Entries continued to get more disturbing and weird until May of 1922 when they took a change for the macabre. Without going into detail, Adams noted that he purchased several large dogs and hastily had a kennel constructed for them. He wrote “The dogs seem to hate the things. I hope they can warn me of their approach. I fear that they will not be able to protect me.”
He wrote more and more that the “things” were watching all the time and he feared he may have unintentionally gotten their notice with his investigations. He noted that they could easily conquer the earth but had not tried so far because he felt they had not needed to. They didn’t want to bother and could get what they wanted without it.
He also wrote that the town of Moretown was within the things’ grip and noted that he learned that some of the people in the town, and even elsewhere in Washington County, worked with these things, these “fungi,” either willfully or against their will.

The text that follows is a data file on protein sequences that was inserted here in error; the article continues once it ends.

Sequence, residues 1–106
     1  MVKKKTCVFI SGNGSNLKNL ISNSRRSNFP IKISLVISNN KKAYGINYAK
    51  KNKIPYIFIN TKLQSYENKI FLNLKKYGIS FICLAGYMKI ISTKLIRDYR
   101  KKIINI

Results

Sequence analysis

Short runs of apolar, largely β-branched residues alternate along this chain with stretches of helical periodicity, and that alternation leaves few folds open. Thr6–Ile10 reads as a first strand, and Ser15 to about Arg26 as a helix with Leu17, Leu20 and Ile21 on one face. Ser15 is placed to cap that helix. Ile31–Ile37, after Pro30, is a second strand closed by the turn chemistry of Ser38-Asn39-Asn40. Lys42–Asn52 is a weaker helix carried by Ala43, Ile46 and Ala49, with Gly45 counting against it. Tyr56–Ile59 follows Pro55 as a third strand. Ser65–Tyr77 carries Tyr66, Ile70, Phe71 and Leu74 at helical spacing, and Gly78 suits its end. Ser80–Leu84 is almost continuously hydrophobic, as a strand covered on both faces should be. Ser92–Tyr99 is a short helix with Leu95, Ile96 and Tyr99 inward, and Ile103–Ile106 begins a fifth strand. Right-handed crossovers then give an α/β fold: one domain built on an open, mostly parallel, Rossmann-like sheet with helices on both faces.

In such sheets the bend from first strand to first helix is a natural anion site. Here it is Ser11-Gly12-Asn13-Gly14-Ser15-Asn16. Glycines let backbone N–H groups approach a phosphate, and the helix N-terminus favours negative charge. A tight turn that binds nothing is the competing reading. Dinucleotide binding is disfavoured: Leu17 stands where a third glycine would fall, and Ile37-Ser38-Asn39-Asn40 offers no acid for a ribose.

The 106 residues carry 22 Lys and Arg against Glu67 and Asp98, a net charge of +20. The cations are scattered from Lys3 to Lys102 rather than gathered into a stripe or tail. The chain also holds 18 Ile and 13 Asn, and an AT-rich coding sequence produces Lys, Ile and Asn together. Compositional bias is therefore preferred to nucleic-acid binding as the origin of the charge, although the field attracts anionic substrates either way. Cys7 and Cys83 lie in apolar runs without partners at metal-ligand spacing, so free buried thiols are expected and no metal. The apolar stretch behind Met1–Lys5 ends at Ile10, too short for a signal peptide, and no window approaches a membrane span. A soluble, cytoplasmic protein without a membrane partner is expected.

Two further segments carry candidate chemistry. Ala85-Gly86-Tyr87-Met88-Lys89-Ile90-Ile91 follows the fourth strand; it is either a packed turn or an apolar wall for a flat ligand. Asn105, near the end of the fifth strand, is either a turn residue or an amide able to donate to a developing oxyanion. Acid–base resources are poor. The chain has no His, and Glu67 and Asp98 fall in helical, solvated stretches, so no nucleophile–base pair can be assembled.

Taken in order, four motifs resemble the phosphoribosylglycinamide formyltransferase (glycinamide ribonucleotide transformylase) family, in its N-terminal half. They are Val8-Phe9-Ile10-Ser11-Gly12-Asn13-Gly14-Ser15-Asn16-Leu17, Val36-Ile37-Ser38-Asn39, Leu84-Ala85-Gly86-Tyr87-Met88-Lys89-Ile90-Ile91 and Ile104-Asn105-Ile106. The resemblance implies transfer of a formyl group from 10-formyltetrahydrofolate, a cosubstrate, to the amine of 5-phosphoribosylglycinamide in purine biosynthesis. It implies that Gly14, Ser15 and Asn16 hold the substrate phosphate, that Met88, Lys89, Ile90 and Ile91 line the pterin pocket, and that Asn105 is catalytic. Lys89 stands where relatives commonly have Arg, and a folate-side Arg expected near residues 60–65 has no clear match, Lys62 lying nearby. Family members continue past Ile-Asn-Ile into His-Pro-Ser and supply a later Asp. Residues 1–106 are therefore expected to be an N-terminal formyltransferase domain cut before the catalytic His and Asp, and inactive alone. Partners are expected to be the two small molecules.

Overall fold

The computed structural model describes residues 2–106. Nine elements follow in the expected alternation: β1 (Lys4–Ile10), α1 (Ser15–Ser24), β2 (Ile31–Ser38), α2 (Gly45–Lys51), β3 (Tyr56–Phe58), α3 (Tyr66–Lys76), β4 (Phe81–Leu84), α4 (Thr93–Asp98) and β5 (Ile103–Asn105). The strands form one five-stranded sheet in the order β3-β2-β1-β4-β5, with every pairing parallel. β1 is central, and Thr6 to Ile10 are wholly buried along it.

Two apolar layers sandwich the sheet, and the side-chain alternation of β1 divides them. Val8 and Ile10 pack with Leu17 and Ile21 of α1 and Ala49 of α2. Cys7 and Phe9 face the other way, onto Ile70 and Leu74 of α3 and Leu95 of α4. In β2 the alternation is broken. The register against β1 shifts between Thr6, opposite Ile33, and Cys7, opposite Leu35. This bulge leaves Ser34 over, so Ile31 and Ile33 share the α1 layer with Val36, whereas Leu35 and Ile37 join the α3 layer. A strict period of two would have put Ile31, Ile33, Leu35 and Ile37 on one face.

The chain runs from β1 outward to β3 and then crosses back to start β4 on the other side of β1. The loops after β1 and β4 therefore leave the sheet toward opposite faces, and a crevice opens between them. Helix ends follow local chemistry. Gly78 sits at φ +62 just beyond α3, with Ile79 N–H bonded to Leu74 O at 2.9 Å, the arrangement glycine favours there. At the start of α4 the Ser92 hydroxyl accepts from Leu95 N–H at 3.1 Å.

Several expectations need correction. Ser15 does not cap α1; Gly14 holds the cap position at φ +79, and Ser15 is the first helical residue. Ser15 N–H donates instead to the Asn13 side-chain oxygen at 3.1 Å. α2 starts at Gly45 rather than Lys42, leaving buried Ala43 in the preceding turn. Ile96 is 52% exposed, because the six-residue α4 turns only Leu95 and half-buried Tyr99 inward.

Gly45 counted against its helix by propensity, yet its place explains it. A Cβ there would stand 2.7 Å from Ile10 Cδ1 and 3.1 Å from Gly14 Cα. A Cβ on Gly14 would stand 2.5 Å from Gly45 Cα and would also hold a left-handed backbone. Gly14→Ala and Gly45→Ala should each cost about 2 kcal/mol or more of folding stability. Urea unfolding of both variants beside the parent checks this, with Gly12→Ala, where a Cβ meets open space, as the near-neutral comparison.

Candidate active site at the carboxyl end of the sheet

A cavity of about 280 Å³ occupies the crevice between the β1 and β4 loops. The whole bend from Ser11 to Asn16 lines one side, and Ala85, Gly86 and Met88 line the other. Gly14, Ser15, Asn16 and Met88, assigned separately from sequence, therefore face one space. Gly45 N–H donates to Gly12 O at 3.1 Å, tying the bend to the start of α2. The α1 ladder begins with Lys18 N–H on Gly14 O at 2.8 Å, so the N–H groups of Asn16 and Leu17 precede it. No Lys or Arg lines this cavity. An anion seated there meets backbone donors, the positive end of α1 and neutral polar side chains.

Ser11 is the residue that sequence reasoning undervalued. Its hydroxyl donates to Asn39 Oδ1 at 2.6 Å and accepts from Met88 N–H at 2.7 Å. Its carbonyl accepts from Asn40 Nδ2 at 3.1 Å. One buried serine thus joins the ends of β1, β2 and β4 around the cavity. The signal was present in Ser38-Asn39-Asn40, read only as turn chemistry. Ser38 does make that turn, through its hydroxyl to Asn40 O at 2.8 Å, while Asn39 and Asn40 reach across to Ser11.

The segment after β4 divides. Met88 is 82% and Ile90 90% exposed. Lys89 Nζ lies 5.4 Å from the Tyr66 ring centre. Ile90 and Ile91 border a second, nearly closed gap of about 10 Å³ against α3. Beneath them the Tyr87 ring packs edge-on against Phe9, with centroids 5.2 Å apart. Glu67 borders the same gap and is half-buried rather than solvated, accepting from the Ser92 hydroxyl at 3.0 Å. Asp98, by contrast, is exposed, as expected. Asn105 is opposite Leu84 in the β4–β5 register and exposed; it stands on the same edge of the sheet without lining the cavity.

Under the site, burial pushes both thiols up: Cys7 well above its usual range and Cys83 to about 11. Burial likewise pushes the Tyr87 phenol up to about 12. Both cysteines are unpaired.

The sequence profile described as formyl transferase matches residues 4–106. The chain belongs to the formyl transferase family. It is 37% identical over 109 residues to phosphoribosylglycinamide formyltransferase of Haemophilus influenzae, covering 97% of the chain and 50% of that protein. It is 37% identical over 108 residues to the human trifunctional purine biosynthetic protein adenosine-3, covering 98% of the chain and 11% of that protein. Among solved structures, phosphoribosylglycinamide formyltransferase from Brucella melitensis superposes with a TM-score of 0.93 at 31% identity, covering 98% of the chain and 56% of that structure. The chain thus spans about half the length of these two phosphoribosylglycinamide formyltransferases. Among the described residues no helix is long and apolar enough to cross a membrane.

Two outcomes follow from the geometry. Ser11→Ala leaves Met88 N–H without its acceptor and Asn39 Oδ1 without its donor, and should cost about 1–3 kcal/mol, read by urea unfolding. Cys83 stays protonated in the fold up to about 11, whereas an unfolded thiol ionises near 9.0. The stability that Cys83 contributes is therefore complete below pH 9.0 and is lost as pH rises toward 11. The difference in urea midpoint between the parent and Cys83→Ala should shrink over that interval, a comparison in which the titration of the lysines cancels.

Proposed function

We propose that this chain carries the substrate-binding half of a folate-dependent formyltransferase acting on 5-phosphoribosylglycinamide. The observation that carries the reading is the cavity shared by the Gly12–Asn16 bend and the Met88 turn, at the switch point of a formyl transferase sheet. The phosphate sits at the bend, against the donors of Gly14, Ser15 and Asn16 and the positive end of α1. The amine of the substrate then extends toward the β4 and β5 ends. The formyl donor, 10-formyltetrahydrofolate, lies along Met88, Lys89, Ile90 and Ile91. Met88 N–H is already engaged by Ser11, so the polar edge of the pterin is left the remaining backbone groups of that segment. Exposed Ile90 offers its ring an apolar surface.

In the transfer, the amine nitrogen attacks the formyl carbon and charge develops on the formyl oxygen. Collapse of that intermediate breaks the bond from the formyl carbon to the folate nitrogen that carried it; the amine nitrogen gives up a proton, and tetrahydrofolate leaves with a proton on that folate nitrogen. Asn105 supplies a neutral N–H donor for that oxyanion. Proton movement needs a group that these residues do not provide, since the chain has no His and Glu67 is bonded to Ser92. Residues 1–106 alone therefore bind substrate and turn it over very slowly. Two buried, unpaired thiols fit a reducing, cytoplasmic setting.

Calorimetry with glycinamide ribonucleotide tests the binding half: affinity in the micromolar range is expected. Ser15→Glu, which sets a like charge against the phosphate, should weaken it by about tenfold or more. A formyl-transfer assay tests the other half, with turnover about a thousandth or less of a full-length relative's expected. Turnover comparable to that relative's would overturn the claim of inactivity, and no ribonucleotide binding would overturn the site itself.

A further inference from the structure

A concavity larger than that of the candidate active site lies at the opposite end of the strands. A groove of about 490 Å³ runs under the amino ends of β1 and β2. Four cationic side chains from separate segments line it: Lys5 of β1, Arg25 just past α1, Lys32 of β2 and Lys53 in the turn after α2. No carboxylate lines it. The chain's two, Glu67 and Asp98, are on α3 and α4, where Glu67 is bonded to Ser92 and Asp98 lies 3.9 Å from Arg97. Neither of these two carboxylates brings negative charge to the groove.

By June, he noted that the house was now constantly watched and the that things were growing more bold, though they seemed to prefer the darkest of nights: those that were overcast or without a large moon. By the end of that month, he wrote that he saw the things’ prints around the house nightly and that he must often replace the dogs that were killed fighting them.
In July, he wrote that an attempt to stop him on his way to Moretown almost worked. A sign on Moretown Mountain Road detoured him to a dead end and the barking of the large dogs he had with him alerted him to the presence of the things. He noted on the 10th of July that the dogs again alerted him to something near the road as he drove.
In August, others seemed to have joined the mix. Adams noted continually getting new dogs and wrote that on Aug. 3, a bullet crashed through a window of his house, narrowly missing him.
The following week, there were more shots outside of the house on darkened nights and he found several of the dogs dead the following morning. He noted that he found more of the claw prints in the road as well as the footprints of men. He wrote that the phone lines had been cut and were dead.